We flew home from the beach in time to celebrate our national holiday on 4
July with friends in Colorado Springs, and then I was off again early on the 
morning of the 5th to attend Debconf2 in Toronto.  My thanks to Joe Drew and 
his crew for a successful event!  He wrote up some of the things he learned 
along the way, and I see that the organizers of the Debian mini-conference 
coming next January in Perth are taking some of his advice to heart [2].  
It was wonderful to meet and have extended face to face conversations with so 
many other Debian developers.  It puts an entirely different and better 
perspective on an email dialogue to have met the other party in person, and
have some context in which to place their comments.  I hope those of you who 
were there enjoyed meeting me as much as I enjoyed meeting you!

At the end of July, I took a long weekend to visit Guildford, Surrey, UK, 
where the AMSAT-UK organization held their annual satellite colloquium.  In 
addition to speaking at the colloquium about the results we have achieved to
date with some of the experiments on the AO-40 spacecraft I helped build, I 
met with several UK Debian developers one evening for a few beers and some
key signing... and before the evening ended, some really marvelous take-away 
fish'n'chips.  :-)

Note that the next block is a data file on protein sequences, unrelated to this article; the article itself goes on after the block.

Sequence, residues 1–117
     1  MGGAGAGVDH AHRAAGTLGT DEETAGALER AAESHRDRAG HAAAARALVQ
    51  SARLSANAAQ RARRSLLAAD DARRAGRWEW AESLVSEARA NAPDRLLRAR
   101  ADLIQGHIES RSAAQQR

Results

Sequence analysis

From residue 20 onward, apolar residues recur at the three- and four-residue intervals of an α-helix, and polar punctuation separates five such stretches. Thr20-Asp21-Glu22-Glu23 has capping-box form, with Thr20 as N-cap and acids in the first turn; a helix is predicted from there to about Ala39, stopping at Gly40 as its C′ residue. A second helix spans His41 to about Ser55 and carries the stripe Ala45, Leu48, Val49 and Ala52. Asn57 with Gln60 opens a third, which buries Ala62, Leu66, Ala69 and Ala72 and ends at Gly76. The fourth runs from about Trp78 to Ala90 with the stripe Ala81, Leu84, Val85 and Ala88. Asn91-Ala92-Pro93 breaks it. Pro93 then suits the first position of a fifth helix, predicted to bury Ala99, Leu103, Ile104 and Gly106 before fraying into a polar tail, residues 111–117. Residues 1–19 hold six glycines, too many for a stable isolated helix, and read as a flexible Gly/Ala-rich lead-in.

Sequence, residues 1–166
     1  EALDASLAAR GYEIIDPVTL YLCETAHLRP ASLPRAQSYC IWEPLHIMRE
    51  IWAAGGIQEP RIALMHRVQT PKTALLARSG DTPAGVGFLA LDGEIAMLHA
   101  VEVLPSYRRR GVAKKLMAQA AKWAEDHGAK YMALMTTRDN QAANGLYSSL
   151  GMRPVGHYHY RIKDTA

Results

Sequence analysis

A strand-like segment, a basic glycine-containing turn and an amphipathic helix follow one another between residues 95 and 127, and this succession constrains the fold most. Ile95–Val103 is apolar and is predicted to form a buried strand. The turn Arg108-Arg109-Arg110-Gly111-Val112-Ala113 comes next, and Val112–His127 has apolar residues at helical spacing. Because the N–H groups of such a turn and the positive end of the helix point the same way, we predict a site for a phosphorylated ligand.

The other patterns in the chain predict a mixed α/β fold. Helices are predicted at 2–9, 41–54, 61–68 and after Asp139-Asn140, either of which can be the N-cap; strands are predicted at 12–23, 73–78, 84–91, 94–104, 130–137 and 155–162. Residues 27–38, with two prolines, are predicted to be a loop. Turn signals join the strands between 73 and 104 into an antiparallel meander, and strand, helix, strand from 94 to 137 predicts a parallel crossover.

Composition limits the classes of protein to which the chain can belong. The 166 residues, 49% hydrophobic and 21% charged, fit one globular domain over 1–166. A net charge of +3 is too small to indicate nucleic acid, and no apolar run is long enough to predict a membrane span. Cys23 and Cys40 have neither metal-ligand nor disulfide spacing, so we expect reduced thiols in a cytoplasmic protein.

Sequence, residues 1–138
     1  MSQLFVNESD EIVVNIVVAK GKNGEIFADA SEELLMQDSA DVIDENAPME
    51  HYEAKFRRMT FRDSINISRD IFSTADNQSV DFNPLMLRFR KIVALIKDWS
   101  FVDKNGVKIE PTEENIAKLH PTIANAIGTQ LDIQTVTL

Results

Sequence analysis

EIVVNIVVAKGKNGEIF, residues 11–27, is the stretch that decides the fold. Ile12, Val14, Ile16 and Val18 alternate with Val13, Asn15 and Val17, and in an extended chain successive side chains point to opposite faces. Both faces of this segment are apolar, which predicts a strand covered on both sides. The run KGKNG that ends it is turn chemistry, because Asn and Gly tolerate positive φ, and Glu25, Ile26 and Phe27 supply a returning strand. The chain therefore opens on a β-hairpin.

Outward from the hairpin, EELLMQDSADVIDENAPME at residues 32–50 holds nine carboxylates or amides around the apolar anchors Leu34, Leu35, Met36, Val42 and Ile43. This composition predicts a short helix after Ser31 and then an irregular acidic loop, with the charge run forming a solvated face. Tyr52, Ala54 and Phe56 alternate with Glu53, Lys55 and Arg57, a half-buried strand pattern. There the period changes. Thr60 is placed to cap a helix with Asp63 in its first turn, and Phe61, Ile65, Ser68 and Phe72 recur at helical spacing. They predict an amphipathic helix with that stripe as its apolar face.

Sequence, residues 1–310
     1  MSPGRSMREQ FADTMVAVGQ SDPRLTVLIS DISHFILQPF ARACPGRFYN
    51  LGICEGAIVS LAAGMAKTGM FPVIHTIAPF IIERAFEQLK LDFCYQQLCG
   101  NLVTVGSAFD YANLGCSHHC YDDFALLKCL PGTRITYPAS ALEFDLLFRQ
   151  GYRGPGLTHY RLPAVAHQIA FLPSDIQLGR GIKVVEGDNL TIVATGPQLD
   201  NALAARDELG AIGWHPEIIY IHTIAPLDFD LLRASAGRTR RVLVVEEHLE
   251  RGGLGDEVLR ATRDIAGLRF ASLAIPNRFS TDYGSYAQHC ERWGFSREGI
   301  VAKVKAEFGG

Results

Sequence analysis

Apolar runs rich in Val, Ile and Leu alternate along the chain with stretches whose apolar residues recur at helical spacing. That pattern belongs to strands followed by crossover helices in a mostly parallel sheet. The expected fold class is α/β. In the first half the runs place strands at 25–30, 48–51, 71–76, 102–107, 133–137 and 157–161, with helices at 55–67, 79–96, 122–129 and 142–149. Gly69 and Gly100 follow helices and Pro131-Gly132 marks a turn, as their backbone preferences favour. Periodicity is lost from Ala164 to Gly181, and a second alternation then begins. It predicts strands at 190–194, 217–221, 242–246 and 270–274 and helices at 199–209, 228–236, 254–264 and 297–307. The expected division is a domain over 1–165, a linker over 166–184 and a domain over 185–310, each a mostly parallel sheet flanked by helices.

In August, I took my 10-year-old daughter on a long road-trip from Colorado to 
Oregon and back.  We attended a violin institute in Eugene, and had a pleasant
vacation together exploring a new part of our country before her school 
started again for the fall.  Other than dealing with the gradual failure of 
my car's fuel pump on the way home, it was a wonderful trip... but it caused 
me to skip LinuxWorld in San Francisco, which I had considered attending and
am sorry to have missed.

Much of this note was typed on airplanes and in airport lounges on my way to 
and from Istanbul, Turkey.  Jon "Maddog" Hall invited me to participate in the
Linux Istanbul 2002 conference held alongside the CeBIT Bilisim Eurasia 
convention.  I gave two public talks, participated in a panel discussion of
Open Source at an adjacent professional conference on behalf of HP, answered 
questions at a group press conference, and was interviewed by a Turkish IT 
Business Weekly publication.  I met a number of interesting people in Turkey,
and substantially increased the awareness of Debian.  One really fascinating
experience was discussing Linux and the community development model over 
coffee in the Grand Bazaar in Istanbul, after a shop owner recognized Maddog 
from his picture in that morning's paper and ran out to greet us!  Given the 
significance "the bazaar" has taken on in our community since Eric Raymond's 
writings, it was highly amusing to talk about Open Source with Turkish shop 
owners in the middle of a real bazaar!  :-)  

This weekend I was in Denver for the ARRL/TAPR Digital Communications 
Conference, where I gave a talk on Debian.  My focus was on how Debian can be